The first wall: conventions and rules


We impede development by fixing our perceptions on what objects and phenomena have been in the past, when we should really see what they could become. If you had been following the instructions in a 50 year old book about athletics, you would probably never be able to jump higher than 6.5 feet. In those days, the high jump was defined as diving or scissoring over the bar.

Nobel Prize-winner Murray Gell-Mann, the father of modern quantum physics, once discussed a student who made a particular impression on him – by repeatedly giving the wrong answer in an examination.

The examination question was quite simple for someone who knew basic physics. It read: Describe how with the help of a barometer you can determine the height of a building. The answer was to read the barometer at ground level, and then go up to the roof of the building and read it again. By comparing the readings one can determine how much air there is between the ground and the roof of the building. The air exerts pressure on the ground as a column and increases the air pressure proportionately. The length of the column of air is the same as the height of the building. But the student gave the ‘wrong’ answer:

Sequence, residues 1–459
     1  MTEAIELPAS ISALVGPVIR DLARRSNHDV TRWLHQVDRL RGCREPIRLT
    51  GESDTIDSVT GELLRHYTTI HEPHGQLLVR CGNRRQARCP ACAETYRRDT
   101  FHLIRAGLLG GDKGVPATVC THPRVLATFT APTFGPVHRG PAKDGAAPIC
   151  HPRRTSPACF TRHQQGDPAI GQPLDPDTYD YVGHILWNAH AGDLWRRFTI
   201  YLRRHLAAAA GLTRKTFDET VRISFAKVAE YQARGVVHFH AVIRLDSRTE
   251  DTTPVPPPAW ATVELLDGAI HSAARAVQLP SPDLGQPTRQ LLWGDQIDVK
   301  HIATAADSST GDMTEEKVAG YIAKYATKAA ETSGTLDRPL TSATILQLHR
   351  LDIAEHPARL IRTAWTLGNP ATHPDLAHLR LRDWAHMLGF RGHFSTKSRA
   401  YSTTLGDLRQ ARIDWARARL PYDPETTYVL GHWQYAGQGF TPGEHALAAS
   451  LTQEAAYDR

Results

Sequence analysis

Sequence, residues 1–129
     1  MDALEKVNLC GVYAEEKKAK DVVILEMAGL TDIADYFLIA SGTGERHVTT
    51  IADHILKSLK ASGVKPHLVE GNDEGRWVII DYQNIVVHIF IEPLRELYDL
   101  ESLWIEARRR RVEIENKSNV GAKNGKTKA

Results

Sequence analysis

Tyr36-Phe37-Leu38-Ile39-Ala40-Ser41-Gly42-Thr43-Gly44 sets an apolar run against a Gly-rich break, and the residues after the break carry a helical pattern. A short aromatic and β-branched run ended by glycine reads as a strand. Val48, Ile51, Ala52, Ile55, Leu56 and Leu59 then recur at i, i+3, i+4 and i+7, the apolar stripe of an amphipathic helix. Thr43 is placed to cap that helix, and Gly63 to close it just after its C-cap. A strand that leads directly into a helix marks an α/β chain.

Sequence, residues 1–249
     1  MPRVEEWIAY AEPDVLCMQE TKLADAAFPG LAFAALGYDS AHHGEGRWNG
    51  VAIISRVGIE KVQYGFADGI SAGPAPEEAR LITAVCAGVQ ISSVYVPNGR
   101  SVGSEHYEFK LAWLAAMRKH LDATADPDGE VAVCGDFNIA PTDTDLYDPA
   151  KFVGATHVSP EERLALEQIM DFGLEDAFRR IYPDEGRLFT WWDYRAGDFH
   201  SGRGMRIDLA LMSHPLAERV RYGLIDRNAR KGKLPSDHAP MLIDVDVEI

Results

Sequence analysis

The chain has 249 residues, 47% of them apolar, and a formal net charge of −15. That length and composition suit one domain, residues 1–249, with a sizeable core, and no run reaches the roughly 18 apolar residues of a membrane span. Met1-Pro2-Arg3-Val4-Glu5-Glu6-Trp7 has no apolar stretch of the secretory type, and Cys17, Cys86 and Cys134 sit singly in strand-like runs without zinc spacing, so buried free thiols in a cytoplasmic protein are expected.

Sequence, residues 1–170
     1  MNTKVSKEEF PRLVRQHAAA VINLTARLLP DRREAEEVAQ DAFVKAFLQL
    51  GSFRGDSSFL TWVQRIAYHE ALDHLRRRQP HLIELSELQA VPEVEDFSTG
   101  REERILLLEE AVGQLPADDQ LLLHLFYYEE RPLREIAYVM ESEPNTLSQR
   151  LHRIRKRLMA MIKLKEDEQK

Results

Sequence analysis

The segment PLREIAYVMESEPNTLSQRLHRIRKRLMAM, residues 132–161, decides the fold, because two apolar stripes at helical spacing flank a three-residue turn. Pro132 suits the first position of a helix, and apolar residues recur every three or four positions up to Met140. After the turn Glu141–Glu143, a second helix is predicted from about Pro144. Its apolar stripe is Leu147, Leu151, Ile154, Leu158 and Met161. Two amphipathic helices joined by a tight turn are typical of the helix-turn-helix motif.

Take the barometer and knock on the door of the janitor who lives on the ground floor. ‘Hi, you can have this really nice barometer if you tell me how high the building ...

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